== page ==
The story behind a smile

Story and photo by Senior Airman Brittany N. Perry
86th Airlift Wing Public Affairs

The alarm goes off and your day begins. After brushing your teeth, washing your face, and putting your uniform on, there’s only one thing left to do, drop the kids off, but where?

Being so far away from family members and friends, childcare can be hard to come by. That’s where the providers at the child development centers come in; keeping service member’s minds at ease and allowing them to work peacefully knowing their child is in good hands.

Without this peace of mind, the mission of the Air Force could be affected. Members would not be fully able to give their energy and attention if they were constantly concerned about childcare.

Military parents put their trust in these trained professionals, believing they will make the best choices when it comes to their children.

“I believe CDC caregivers are extremely valuable to military parents,” said Tech. Sgt. Latonia Booze, U.S. Air Forces in Europe management analyst. “As a military parent overseas, I do not have as many choices for daycare as being stateside; so I heavily rely on the CDC caregivers to make the right decisions when it comes to my child’s care.”

Although the center’s providers are seen almost daily, oftentimes many military parents don’t have the extra time to get to know them on a personal level.
One of those unsung heroes is Melba Lee, 86th Force Support Squadron CDC lead program assistant.

“She is a loving person, like a mother to all of us here, she reminds me of my mom actually” said Mrs. Lee’s co-worker, Jaime Parker, 86th FSS CDC program assistant.
Mrs. Lee, providing childcare services for nearly 18 years, has grandchildren back in the states. Working for the CDC allows her to make up for lost time through the children she’s able to care for.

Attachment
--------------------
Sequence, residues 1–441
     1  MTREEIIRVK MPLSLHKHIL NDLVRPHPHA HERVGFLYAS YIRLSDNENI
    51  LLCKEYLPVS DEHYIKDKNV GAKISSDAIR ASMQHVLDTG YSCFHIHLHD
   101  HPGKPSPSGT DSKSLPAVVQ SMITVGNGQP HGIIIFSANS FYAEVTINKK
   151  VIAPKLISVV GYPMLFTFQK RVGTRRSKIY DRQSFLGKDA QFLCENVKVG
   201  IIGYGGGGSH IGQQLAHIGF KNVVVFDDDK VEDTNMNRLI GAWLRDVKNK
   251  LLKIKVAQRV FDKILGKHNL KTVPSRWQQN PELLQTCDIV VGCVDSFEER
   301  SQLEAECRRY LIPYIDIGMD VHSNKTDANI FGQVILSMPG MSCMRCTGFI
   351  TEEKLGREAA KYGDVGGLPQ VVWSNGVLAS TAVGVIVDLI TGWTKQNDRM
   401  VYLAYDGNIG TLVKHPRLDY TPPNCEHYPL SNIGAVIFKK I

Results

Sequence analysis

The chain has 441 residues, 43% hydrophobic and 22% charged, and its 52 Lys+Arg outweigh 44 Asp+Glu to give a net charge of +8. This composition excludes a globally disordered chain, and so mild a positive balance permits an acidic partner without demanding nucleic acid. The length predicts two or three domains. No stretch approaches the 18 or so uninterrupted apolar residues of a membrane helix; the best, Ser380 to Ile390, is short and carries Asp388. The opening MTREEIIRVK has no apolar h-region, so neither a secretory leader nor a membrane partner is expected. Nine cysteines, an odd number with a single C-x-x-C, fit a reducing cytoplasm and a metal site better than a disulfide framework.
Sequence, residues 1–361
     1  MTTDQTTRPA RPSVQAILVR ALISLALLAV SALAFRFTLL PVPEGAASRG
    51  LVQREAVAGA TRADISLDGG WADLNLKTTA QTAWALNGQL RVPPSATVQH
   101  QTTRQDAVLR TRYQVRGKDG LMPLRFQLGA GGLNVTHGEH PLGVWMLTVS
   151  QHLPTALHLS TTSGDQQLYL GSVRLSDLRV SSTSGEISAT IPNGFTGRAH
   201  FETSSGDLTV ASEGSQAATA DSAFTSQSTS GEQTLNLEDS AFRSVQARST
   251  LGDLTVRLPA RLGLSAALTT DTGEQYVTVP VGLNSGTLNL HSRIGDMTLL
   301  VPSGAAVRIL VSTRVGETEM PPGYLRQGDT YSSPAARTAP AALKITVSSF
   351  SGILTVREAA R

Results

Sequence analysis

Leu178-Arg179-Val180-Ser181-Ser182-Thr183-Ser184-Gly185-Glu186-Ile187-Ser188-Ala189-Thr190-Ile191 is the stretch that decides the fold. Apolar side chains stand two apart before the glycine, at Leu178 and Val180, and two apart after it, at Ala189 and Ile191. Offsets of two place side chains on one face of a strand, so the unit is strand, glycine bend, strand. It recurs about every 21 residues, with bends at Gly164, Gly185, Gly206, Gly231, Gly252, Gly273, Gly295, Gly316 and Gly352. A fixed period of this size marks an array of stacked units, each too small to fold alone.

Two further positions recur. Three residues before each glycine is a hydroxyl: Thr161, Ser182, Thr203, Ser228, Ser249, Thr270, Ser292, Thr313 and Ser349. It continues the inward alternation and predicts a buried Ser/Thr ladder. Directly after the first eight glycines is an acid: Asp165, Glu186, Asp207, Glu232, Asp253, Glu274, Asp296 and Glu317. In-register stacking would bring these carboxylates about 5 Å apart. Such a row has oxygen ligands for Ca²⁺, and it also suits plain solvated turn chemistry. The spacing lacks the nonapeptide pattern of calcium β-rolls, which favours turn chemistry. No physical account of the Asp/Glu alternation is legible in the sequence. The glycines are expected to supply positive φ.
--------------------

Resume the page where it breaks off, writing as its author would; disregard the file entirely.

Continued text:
“I have a lot of grandbabies and I enjoy taking care of them all,” Mrs. Lee said.
In 1987 William Lee III, Mrs. Lee’s husband, volunteered to pastor a church in Hahn, Germany after the previous pastor, an active duty service member, moved to a new assignment back in the states. This is when Mr. and Mrs. Lee and their three children began their new lives in Germany.

Once settled in, her journey of jobs began. From doing custodial work to logistical support through Army and Air Force Exchange Service, Mrs. Lee has done it all. But for more than a decade, children have been her main focus.

“Because of my age I wasn’t going to go back to school, but then I realized you are never too old to learn,” Mrs. Lee said. “I am now working on getting my associates in child care, which if I wanted to go further, will allow me to open my own center in the future.”

Today, she works at the Vogelweh CDC, taking care of infants 6 weeks to 12 months old.

“I consider myself a teacher to infants, I teach them how to talk, to laugh, to smile and to have fun,” Mrs. Lee said.

According to Mrs. Lee, the biggest misconception about providers is that they are considered to just be baby sitters when in fact they are trained professionals.

“I remember when I first started working at the CDC I was amazed to see an infant paint. We can actually teach them to do that,” Mrs. Lee said. “If people could know what we really do in the program, maybe they would see how much positive impact we have on the children. We are professionals.”

Between the CDCs on Ramstein and Vogelweh, there are 24 providers caring for more than 60 infants on a daily basis.

So next time you rush in the CDC to quickly drop off or pick up your child, consider taking an extra second to get to know the smiling faces who take care of your children throughout the day. You may be surprised to hear a story similar to Mrs. Lee’s.